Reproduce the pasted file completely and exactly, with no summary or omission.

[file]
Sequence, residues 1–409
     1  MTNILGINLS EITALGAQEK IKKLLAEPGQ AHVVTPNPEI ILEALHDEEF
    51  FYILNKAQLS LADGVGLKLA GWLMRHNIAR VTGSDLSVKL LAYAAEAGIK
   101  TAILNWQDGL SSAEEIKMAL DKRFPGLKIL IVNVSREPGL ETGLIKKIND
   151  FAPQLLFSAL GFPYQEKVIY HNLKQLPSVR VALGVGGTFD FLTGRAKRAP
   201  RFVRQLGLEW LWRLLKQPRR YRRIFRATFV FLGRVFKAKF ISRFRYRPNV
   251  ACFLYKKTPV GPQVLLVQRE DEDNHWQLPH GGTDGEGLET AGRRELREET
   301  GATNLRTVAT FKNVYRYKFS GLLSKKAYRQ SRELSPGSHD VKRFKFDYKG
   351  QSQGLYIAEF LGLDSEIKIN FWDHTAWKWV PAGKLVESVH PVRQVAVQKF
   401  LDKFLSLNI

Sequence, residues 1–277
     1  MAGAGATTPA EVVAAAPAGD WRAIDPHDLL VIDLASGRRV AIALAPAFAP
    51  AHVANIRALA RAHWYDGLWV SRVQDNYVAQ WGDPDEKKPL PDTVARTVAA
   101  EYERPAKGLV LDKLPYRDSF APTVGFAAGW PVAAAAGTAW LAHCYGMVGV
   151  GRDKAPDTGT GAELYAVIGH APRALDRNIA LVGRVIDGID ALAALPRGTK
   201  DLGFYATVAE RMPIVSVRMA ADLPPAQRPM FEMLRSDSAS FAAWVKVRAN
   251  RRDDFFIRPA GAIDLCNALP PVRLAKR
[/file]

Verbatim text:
Sequence, residues 1–409
     1  MTNILGINLS EITALGAQEK IKKLLAEPGQ AHVVTPNPEI ILEALHDEEF
    51  FYILNKAQLS LADGVGLKLA GWLMRHNIAR VTGSDLSVKL LAYAAEAGIK
   101  TAILNWQDGL SSAEEIKMAL DKRFPGLKIL IVNVSREPGL ETGLIKKIND
   151  FAPQLLFSAL GFPYQEKVIY HNLKQLPSVR VALGVGGTFD FLTGRAKRAP
   201  RFVRQLGLEW LWRLLKQPRR YRRIFRATFV FLGRVFKAKF ISRFRYRPNV
   251  ACFLYKKTPV GPQVLLVQRE DEDNHWQLPH GGTDGEGLET AGRRELREET
   301  GATNLRTVAT FKNVYRYKFS GLLSKKAYRQ SRELSPGSHD VKRFKFDYKG
   351  QSQGLYIAEF LGLDSEIKIN FWDHTAWKWV PAGKLVESVH PVRQVAVQKF
   401  LDKFLSLNI

Sequence, residues 1–277
     1  MAGAGATTPA EVVAAAPAGD WRAIDPHDLL VIDLASGRRV AIALAPAFAP
    51  AHVANIRALA RAHWYDGLWV SRVQDNYVAQ WGDPDEKKPL PDTVARTVAA
   101  EYERPAKGLV LDKLPYRDSF APTVGFAAGW PVAAAAGTAW LAHCYGMVGV
   151  GRDKAPDTGT GAELYAVIGH APRALDRNIA LVGRVIDGID ALAALPRGTK
   201  DLGFYATVAE RMPIVSVRMA ADLPPAQRPM FEMLRSDSAS FAAWVKVRAN
   251  RRDDFFIRPA GAIDLCNALP PVRLAKR